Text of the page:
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Japan’s Yoshino, two others win Nobel Prize in Chemistry for development of lithium-ion batteries

Akira Yoshino, 71, is the eighth Japanese scientist to have been awarded the chemistry Nobel.


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Updated: October 10, 2019

Chemist Akira Yoshino shared this year’s Nobel Prize in Chemistry with scientists John Goodenough and Stanley Whittingham for the development of lithium-ion batteries, the Royal Swedish Academy of Sciences said Wednesday.

Yoshino, 71, an honorary fellow at Asahi Kasei Corp., is the eighth Japanese scientist to receive a chemistry Nobel.

A prize of 9 million Swedish kronor (about ¥97 million) will be shared among the three winners.

The award ceremony for this year’s Nobel Prizes will be held in Stockholm on Dec. 10, the anniversary of the death of Alfred Nobel.

The previous time a Japanese won a Nobel in chemistry was in 2010, when Akira Suzuki, professor emeritus at Hokkaido University, and Ei-ichi Negishi, distinguished professor of Purdue University in the United States, shared the prestigious prize.

Yoshino was born in Suita, Osaka Prefecture, in 1948. After graduating from Kyoto University’s graduate school as an engineering student in 1972, he entered Asahi Kasei the same year. He served in such positions as chief of the firm’s ion secondary battery business group and head of the cell material business development office.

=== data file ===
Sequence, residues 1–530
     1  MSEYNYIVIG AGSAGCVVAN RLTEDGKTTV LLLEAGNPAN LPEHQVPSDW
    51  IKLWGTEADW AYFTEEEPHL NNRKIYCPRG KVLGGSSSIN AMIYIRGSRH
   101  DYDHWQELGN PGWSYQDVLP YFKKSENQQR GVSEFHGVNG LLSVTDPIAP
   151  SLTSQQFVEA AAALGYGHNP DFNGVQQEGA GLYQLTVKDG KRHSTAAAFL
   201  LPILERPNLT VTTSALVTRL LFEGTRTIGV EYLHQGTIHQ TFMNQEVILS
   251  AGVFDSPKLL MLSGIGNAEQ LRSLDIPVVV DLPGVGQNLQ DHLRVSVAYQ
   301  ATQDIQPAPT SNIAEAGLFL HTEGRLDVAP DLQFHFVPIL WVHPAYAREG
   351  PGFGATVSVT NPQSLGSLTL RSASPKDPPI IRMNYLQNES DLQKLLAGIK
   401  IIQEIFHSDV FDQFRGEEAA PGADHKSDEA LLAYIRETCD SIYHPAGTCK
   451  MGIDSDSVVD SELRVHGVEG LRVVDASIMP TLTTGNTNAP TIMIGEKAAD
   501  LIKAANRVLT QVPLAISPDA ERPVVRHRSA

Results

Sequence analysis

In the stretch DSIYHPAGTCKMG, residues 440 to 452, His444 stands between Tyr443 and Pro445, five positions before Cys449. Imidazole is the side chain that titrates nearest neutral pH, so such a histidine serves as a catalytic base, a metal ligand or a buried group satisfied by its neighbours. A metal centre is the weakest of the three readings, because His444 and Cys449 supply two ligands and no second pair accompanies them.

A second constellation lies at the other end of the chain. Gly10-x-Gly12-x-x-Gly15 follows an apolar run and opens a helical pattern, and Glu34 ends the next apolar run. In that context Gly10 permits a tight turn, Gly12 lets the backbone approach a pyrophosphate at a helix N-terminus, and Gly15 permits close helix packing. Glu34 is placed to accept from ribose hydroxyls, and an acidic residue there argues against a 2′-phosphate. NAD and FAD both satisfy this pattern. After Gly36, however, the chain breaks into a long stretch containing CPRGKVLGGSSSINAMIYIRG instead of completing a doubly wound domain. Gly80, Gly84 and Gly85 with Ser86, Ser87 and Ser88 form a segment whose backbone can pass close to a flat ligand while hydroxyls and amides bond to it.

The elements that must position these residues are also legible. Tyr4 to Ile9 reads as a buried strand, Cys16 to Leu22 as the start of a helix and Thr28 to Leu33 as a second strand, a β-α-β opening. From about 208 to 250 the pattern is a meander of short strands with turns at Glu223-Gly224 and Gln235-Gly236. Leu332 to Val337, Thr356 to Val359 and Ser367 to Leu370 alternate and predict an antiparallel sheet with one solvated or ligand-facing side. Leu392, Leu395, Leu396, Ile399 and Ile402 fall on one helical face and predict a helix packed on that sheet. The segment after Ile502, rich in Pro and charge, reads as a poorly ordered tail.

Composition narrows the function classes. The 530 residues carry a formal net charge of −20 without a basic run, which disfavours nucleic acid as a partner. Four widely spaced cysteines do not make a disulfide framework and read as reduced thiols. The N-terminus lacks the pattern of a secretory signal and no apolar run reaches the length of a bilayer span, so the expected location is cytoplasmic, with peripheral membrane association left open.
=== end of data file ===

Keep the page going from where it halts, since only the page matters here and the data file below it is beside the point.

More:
In 1985, Yoshino developed a method using a carbon compound as a material for negative electrodes, leading to the completion of the lithium-ion cell.

Lithium-ion batteries are an essential source of power for portable information technology devices such as mobile phones and laptop computers. In the future, they may be more widely used to power electric cars and aid in the fight against global warming, according to observers.

Goodenough was born in 1922 and is affiliated with the University of Texas at Austin. Whittingham was born in 1941 and is affiliated with Binghamton University of the State University of New York.



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